Saturday, June 04, 2005

Commercial Off the Shelf (COTS) - A Double Edged Sword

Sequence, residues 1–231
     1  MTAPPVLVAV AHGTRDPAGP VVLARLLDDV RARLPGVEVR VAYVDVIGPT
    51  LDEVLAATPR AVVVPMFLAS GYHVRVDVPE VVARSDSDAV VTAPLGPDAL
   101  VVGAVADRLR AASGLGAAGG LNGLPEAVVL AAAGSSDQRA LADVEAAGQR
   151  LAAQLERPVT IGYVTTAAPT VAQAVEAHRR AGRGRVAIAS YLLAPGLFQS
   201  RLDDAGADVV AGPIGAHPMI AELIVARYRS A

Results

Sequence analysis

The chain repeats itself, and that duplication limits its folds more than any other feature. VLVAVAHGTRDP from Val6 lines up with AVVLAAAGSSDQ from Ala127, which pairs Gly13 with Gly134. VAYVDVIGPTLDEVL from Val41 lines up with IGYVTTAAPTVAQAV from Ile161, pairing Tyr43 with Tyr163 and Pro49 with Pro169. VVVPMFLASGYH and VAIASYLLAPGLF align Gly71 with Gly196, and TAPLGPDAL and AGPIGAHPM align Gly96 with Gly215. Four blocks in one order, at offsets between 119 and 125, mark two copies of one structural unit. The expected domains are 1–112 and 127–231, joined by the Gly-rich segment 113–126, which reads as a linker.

Yankee Sailor, an active duty "surface" type put up this post today on the topic of using Commercial Off-the-Shelf "stuff." Not only is it an interesting topic, for the military, as well as industry, I bumped across an article in Avionics Magazine on the very topic a few days ago. I saw some of the first big COTS projects for the Surface Navy, back in the mid-80s. The Joint Operational Tactical System (JOTS), which was fielded under the oversight of Adm Jerry O. Tuttle, gave us incredibly powerful computers that did an incredible job as providing mobile staffs and older ships with almost as much horsepower as a full blown, military developed Combat Direction System, and JOTS had 16 colors! That's not said lightly, for color tagging made for quick mental integration of the mountains of tactical info in hi tempo ops. I saw the HP9020s come in the "rapid prototyping" model, and our staff, in particular OSCS Jim Koch, had access to the JOTS code (which was running under UNIX and written in Rocky Mountain BASIC), and regularly sat with the programmers, one I recall was Dr Lee Whit, and Jim and I actually found and fixed a few bugs, which ended up in the fleet. From a configuration management standpoint, it was a software developer's nightmare, as the programmers went from ship to ship, and eagerly took "inputs" from the users, and in many cases, we (yep, I was party to it) had what we asked for last night the next morning. JOTS was first developed for use aborad ships, but became to centerpiece of the Joint Maritime Command Information System (JMCIS), being used fixed bases and with mobile units ashore In the later part of my tour on CDS 32, we also saw the same systems, using the Prototype Ocean Surveillance Tracking (POST), which morphed into the Ocean Surveillance Information System (OSIS) program, put out in the CICs of ships to help pre-process communication traffic for the Tomahawk cruise missile. Those POST instalations flew aboard the ships, after our staff reported out our results of some Operational Test Launches (OTL), to address some manpower loading issues for the THawk DataBase managers. The system ran on the HP9020 family of computers. More COTS. A then captain (later Admiral) John Gauss was the driving force behind all of that. He's also the only Captain I even saw look across the table in a meeting with Admiral Mike Boorda, and say "If the CTs steal one more of those systems, I'm pulling them off all the ships!" Adm Boorda turned to his senior cryppie and told him to fix the problem, NOW! I proceeded from CDS32 to Naval War College. One trimester was "National Decision Making." Those were fancy words for my indoctrination tot he McNamera methodology of system procurement. It was fascinating, and the most significant lesson I walked away from that trimester was: Once you buy into a level of technology, you are fundamentally stuck with it, so choose very carefully." In other words, you buy something like a fleet of radial engined cargo planes, then they get old and cranky, but if you decide to go jet, you better have a huge pile of cash, not only for new planes and engines, but to retrain your entire maintenance force, and buy all new spare parts, not to mention changing from AVGAS to JP series fuels. It goes further than that in this day and age, where we in the US don't make much of anything. Even "Made in the USA" means assembled from parts from all ove the far east, in the electronics field. Years later, I was the Systems Engineer at Fleet Combat Direction Systems Support Center, Dam Neck, VA (oh, hurt me with shore duty on the beach!). One major project I had oversight on, and was part of the training committee for the Program Manager, Capt Herb Kahler, was the Battle Force Tactical Trainer (BFTT). I also had the programs for the FFG-7, DD-963, DDG-993, non-AEGIS CG/CGN, and JTIDS projects in my shops. Those were all military developments, hardware and software included. Lots of contrast. BFTT could not have blossomed as it did w/o COTS. Capt Kahler had a novel idea: Figure out what the BFTT project would do, them instead of building it from the basement up, see what other "puzzle" pieces already exist, and with minor modification, can be integrated for the final functionality. He found the projects. He began with the Tac3 series of computer parts, and Versa Module Europa (VME) card cages. Brilliant idea. UNIX was the OS. He found a project named Tactical Decision Making Under Stress (TADMUS) then out of a Navy training command office in Orlando, headed by Dr Jan Cannon-Bowers. That program had been developed as a fall out of the problems noted with USS VINCENNES CG-49). It is difficult to practice for the real world, when you're not getting the dimension of stress. TADMUS addressed that. I learned more about Industrial Psychology than I wanted to, but that was part of the program. He also found a program written by FLTAC, Corona, which used 3D modeling to reconstruct what happened on the open ocean range testing. That was a good tool to rerun the problem for the crew critiques. On and on the list went. Herb saved us many dollars, and he "broke the mold" by not holding his entire development close to his chest. He found already spent dollars, and "recycled" them by using the functional hardware and software in the inventory. It risked him not getting all the credit, but it got us a remarkable program, which is still alive and well, as a result. The description above shows it was a mix of COTS and military work, but the COTS was the hardware component. Side notes (and bragging rights) on BFTT: The Navy was the first service to successfully conduct an system demonstration of the intergation of live, constructive and vitrual "entities" in a traing scenario. BFTT was alwys planned to be able to be intergrated into a larger Joint training and simulation system. I also posted some interesting developments on BFTT for the gaming industry in a post last February. Side note to the side note: It looks like Dr Cannon-Bowers is entrenched in the gaming aspects of Industrial Psychology. That may have been a result of decreases in funding for R&D, or more lucrative funding from the commercial developers. When I knew here, she was hot on the trail of figuring out the interactions of people in teamed environments. A noble, if not incredible difficult job, since we seem to not have personal psychology down yet, but tha't my layman's opinion. As the Systems Engineer, I also had a separate shop, where a small group of man had written the entire program for the Advanced Combat Direction System (ACDS) Block 0. It was written to run in the ruggedized MILSPEC AN/UYK-43 computers, which were the upgrade of the long term workhorse, the UYK-7 Tactical Computer. The OS for ACDS was specifically designed for combat operations. Something as simple as interrupts to the OS were managed, based on tactical prioritization. If a printer went off line, then a missile alert followed the first interrupt, then missile detect alert moved to the top of the queue. Try that with Windows based operating systems.... From a practical standpoint of equipment maintenance in any environment, just because you and I can buy the newest dual layer DVD burner, and come home and install it, it's a more significant logistical problem when your assets number in the hundreds of thousands, and are spread around the globe, some in operations and some in the repair overhaul cycle. And don't forget the ready spares warehoused all over the world. Just think of the plan to haul out all the ones you aren't going to use (which have been paid for by tax dollars), and send them to the surplus disposal system. How about those stories where someone buys a few pallets of "non longer needed" material from DMRO (I think that's the disposal office, only to have someone find out they really needed more, so they sell them back and make a killing (equals more $$$ spent). I was trained as a software safety engineer as well. In the process of ensuring weapons aren't fired while doing training, and important stuff like that, you need to examine the software code at some point in the analysis process, where you have developed safety issues. When it's a military paid for application and OS, you can do that. When Bill Gates lives under your missile fire control and engineering plant controls, he's not going to turn the source code over to you. Will a printer off line alert keep a busy operator from seeing a missile inbound alert? You'll only need about 20 seconds to find out, in the worst case scenario, and it most likely won't be pretty. Up until earlier this year, I was in the electronics recycling business. I made a pretty decent living selling "old" parts. I found there are two "spikes" in the pricing of an item or technology. High when it's new, then as it's widely used, the price goes down. The next technology comes along, and while new companies can buy the new stuff, and the old stuff is cleared from the warehouses, the old company can't replace every zip drive they have in their multinational corporation. They had to come to the electronics recyclers. In this period of the lifespan of an item, it rises again. Then, as you horde these parts as a recycler, all of a sudeen you realize everyone in the world has upgraded their systems and the stuff you have clogging your shelfs, while you dream nightly of that phone call that will allow you to retire rich and famous has been superceeded. I think it was in 2001, I had a large company call me to find a controller for an IBM mainframe system. Pentium IIIs were pretty well established and PIVs almost out. I ended up finding their controller, at another recycler, and paid $2400 for it. I sold it for $3800 and they thought they were getting a "deal" and they were, for they didn't have to replace the multimillion dollar mainframe installation. Essentially, I sold them 80386 technology. That controller wasn't much more than an IBM PC, with a few specific bells and whistles for the mainframe proprietary interfaces. The Space Shuttle computers use 80486 chips, but not just any chip. Since the coding language is Assembelr, it is important that the chip architecture is exactly as the program is desiend to work in. NASA pay hundreds of dollars for these chips, and they are out there on eBay looking and buying, as well as working with select recyclers, who know what to look for. They can't afford to rpelace the computers. In such a mission critical environment, because to development and testing costs are not in the budget. As a side note, the POLARIS Missile project was where software and system safety were initially developed and it has been NASA who has been one place responsible for continued improvemes in this discipline, hence their understanding of their current position in regard to being "fast and loose" with system procurement decisions. I like the COTS idea. I professionally benefited greatly from it. I served on both sides of the equation, as a user and as a logistical support manager for end users. It's not that it is inherently a bad idea, it's just a decision one does not approach lightly, and one where you must project into the future as best you can to weigh the present day cost savings, versus the long term consequences of support costs in the lifetime of the product. We have seen the industry crank out new processors, storage technologies, video graphics cards, etc, etc, etc like there's no tomorrow. Just recall how quickly something becomes "yesterday's news." In my PC, nothing is so critical in the type technology that I can't replace it with a similar part (right now), but if I had to use a program that would only send output to an HP1100 laser printer, then I'd have to go scavenging for one, for they are long out of production. I have a smei-issue in this vein, with my own equipment. I do have an Orb Drive I bought in 2000. It stored 2G of data on a removable cartridge, and cost less that double that for a 100M Zip drive. While I found others had reliability issues with their Orbs, I never did. I bought the external parallel port version, so as I did consulting, I could go to anyone's computer and back up, etc. It was a great idea until WinME came out, and the company that produced the Orb quit writing drivers for the parallel post interface. This is my COTS nightmare. I have to load up a system with Win98 so I can pull my old archives forward. I would like to have the data, but if it got lost, I'd not be in a life threatening condition. The Orb is around, but you now need the USB version to have it supported. In this case it's not the hardware compatability issue, but one of support at the OS level that makes it difficult. "Total cost of ownership" is the filter you must evaluate COTS purchases with.